• Sentence Equivalence:  You are asked to select two answers that complete a sentence that simultaneously fit the meaning as a whole and produce a sentence that is similar in meaning.

Quantitative Section: This section measures your ability to understand, interpret and analyze quantitative information, solve problems by using mathematical models, and apply basic mathematical concepts and skills based on arithmetic, algebra, and geometry. The revised GRE now includes an on-screen calculator for test-takers.

  • Quantitative Comparison Questions:  You must compare two quantities and determine the relationship between them.
  • Problem Solving Questions: These involve basic math skills and concepts.
  • Some PS questions are based on information provided a set of charts or graphs. These are called Data Interpretation Questions.

GRE Length

On the day of the exam, you will have slightly less than 4 hours  (plus a 10 minute break) to complete the exam. The sections are timed as follows:

  • Analytic Writing: 2 essay questions, 30 minutes for each section
  • Verbal Reasoning: 2 sections of approximately 20 questions each, 30 minutes for each section
  • Quantitative Reasoning: 2 sections of  approximately 20 questions each, 35 minutes for each section
  • Unscored Experimental section: either 30 or 35 minutes, depending on whether it is Verbal or Quantitative.

GMAT Format

The GMAT aims to measure various analytical and problem solving skills along with other abilities that are considered critical in business and management.

There are four parts to the GMAT: the Analytical Writing Assessment (AWA) essay, an Integrated Reasoning (IR) section, a Quantitative section, and a Verbal section.

GMAT Sections

Each section of the GMAT contains specific types of questions.

AWA Section: Requires an analysis and critique of the reasoning behind a specific argument that is provided. This section measures critical thinking skills and your ability to communicate those in writing.

IR Section: Questions include graphics interpretation, two-part analysis, table analysis, and multi-source reasoning. This section measures your ability to integrate data to solve complex problems.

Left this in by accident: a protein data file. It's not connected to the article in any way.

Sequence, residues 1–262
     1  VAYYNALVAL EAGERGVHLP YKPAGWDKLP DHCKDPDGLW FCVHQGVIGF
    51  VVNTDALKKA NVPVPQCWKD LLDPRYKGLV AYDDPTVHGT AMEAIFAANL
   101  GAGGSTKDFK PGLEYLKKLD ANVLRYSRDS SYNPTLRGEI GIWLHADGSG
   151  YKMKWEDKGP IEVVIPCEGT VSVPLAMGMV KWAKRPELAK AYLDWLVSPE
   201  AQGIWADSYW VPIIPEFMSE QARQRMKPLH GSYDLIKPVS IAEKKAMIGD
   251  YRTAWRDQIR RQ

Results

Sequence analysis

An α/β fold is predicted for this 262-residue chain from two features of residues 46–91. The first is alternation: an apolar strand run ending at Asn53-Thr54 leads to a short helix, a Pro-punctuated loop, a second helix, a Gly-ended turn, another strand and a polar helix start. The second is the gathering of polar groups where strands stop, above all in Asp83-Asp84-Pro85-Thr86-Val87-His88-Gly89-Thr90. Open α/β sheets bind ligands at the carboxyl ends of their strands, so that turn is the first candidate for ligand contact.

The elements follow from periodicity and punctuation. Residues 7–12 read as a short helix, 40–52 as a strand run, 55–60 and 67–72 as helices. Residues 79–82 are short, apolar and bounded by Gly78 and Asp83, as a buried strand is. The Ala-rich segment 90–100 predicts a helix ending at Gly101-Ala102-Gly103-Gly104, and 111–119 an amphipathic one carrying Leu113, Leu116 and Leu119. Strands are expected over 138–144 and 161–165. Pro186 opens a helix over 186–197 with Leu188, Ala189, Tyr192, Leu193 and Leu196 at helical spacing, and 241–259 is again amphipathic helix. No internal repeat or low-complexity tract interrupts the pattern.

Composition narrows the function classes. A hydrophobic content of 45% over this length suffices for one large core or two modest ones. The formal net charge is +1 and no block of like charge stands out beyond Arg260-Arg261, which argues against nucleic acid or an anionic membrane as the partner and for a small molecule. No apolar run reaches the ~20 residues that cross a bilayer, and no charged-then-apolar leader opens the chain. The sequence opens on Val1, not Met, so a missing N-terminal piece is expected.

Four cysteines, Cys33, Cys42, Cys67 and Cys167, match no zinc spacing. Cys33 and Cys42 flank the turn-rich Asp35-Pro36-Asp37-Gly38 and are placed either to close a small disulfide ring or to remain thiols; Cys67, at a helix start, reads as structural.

Quant Section: There are two types of questions, Data Sufficiency and Problem Solving. Data Sufficiency questions typically consist of a question and 2 statements of data, and you must decide if those statements provide enough data to answer the question. Problem solving questions require knowledge of arithmetic, algebra, and geometry. The Quant section attempts to test your content knowledge of essential math skills and measures how well you analyze data and use reasoning to draw conclusions.

Verbal Section: Consists of Reading Comprehension (RC) questions, Critical Reasoning (CR) questions, and Sentence Correction (SC) questions. RC questions evaluate how well you understand, analyze, and apply information and concepts based on reading a text. CR questions involve using reasoning skills to formulate and evaluate arguments and plans of action. For SC questions, you must determine which version of 5 possible sentences is the most grammatically correct.

GMAT Length

On the day of the exam, you are given 3 1/2 hours to complete four sections of the exam:

  • AWA: 30 minutes to write an essay on one topic.
  • IR section: 30 minutes to answer 12 questions.
  • Quant Section: 75 minutes to complete 37 questions.
  • Verbal Section: 75 minutes to answer 41 questions.

How Long Should You Study?

As with any type of test, the amount of time students must study to achieve a good score varies widely among individuals. Those with a natural proclivity for taking standardized tests probably won’t have to study as much as those who are less adept at taking tests or not as confident in their mathematical or grammatical abilities. In addition, non-native speakers of English may need to study much longer than native speakers of English to perform well on the Verbal sections.

GMAT Study Hours

According to GMAC, just over half of all GMAT test takers in a 2013 prospective student survey studied at least 51 hours before they took the exam. The survey found that, on average, those who spent more time studying for the GMAT tended to perform better on the exam. The best gmat review courses offer hundreds of hours of study material for students to choose from, so prioritizing study schedules is a must!

GRE Study Hours